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Subject to PCI DSS? Time for defense! standard

For those of you that have been reading this since it was part of the VeriSign blogging program, you know that my posts tend to follow what is most important in my daily life. Or, if not most important, the loudest thing in my daily life that really needs a comment or two. After joining RSA, I spent quite a bit of time talking about advanced threats, especially after the breach. I also sat on the PCI Board of Advisors during that time, but the reality is that my daily work around information security and what the Board was tackling were very far apart. Given the release of 3.0 and the commentary from that to date, I would still agree ...

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Swing and a Miss: Target and the Council Respond standard

I happened upon the Council’s news page today and saw a couple of great attention grabbing headlines entitled, Time for Smartcards and PCI Council Responds to Critics. I found both of these interesting given the landscape of breaches we have seen over the last couple of months, but I found that both missed key points in their communication. Let’s start with the Council’s response. First, we should be clear. What Russo is saying is absolutely accurate. The majority of breaches that happen, including the Target one, happen due to basic security failures that are already covered in the standard. Go take a look at requirement 8.3 and 8.5.6.b which directly address the latest disclosures surrounding the event. I also agree ...

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Data Discovery, It’s A Thing! standard

Those of you who have been following me for a while know that I am a proponent of data discovery tools, and Data Loss Prevention tools where appropriate. I partnered with one while running the consulting business at VeriSign, and worked with the teams at RSA that developed their product. I even talked about finding the data as the security equivalent to Dave Ramsey’s first Baby Step for security. It’s becoming even more critical with PCI DSS 3.0 as data flow maps must be maintained and validated (to some degree). At Sysnet, we have tools for doing all kinds of scanning including data discovery scans. One of the challenges with most of the DLP solutions available is that the vendor ...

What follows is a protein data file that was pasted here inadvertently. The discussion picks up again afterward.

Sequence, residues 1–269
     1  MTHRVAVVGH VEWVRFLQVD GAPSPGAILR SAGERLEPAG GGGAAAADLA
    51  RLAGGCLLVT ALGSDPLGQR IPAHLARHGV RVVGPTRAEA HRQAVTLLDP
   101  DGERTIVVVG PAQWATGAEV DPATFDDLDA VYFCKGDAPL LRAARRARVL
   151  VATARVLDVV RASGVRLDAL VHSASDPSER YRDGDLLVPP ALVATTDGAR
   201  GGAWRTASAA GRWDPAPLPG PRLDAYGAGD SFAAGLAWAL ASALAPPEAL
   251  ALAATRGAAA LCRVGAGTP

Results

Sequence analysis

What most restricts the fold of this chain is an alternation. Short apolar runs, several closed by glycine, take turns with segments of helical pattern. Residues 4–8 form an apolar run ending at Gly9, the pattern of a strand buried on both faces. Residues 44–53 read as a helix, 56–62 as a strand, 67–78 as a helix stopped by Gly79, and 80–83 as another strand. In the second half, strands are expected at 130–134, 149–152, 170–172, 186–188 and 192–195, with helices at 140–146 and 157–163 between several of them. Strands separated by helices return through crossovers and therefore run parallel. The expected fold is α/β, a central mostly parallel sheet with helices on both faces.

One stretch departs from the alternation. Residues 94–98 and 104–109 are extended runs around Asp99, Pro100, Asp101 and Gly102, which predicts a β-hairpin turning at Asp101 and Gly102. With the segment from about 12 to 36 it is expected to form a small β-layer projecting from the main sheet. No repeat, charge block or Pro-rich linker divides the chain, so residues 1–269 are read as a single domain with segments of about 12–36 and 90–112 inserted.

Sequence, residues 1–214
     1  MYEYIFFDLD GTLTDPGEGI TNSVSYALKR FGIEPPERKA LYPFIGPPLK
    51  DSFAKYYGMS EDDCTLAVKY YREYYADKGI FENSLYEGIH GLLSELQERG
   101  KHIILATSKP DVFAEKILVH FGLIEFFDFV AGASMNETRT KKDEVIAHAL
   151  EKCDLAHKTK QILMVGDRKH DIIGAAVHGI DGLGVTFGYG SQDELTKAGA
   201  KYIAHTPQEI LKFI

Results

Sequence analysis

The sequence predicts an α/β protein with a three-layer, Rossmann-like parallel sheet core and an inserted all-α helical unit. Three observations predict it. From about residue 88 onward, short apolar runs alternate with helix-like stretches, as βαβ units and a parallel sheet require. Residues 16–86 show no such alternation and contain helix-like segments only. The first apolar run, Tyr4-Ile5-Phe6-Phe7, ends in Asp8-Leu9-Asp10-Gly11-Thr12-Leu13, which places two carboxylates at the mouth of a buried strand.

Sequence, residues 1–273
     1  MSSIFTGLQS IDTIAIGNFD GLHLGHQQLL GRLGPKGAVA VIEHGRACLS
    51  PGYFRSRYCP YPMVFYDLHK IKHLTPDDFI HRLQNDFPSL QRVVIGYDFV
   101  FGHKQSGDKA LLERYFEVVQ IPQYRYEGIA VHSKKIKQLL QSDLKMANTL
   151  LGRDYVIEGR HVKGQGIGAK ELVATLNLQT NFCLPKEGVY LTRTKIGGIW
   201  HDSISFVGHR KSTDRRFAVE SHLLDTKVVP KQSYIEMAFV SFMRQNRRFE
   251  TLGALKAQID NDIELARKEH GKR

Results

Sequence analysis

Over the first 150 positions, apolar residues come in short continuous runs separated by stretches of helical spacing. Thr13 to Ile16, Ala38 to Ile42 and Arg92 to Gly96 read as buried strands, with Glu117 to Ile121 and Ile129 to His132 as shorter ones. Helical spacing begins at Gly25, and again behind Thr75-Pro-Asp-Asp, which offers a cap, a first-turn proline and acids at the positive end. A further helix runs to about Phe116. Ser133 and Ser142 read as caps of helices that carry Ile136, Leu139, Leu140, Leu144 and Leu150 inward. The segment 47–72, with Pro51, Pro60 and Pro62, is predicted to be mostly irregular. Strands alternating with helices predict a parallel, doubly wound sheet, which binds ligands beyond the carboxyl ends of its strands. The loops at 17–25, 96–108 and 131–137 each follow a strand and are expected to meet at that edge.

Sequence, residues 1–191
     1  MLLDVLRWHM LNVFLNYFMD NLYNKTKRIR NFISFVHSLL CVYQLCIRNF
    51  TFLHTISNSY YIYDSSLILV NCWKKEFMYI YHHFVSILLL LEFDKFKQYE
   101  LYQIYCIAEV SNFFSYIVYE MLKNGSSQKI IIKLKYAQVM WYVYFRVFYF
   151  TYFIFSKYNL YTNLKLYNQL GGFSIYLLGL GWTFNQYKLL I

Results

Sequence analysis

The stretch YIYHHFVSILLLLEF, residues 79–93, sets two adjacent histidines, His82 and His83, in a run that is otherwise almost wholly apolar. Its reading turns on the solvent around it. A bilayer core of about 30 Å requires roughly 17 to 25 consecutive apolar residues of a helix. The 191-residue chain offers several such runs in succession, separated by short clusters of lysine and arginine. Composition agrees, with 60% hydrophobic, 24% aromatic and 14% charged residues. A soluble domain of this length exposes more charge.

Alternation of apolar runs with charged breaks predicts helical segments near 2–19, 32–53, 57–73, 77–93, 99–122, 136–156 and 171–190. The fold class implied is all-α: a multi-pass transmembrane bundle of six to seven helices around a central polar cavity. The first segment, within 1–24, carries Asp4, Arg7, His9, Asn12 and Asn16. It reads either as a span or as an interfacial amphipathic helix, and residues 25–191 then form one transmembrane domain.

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What the Leaked Target PIN Data Actually Means for You standard

Before you read this, consider checking out my first post on the Target breach. Payment systems are complex. If you have ever assessed one or looked under the curtains going all the way back to the issuer, you know this. So it is not a surprise that there is a ton of misinformation flying around about the PIN data that Target admitted was taken. Before we get to far down the road here, I want to review a few items to make sure we’re all on the same page. First, let’s talk about track data. The type of data in the magstripe on the back of your card is sensitive, which is why PCI Requirement 3.2 forbids storing it. I’ve ...

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For the Super Geeky Crypto Guys standard

Of course, if you are a super geeky crypto guy (in which I am envious because math is not my strong suit) you probably already saw this amazing paper by Daniel Genkin, Adi Shamir (the S in RSA), and Eran Tromer in which they prove a side-channel attack against RSA encryption. Since the math behind RSA is such that decryption becomes infeasible through brute force, attackers must get creative in how they go after the protocol. Previous attacks on prime number generation have been published, as well as weak implementations of software that leak parts of the key. But this one is really ingenious. The authors are able to extract the RSA key by simply listening to the noise put ...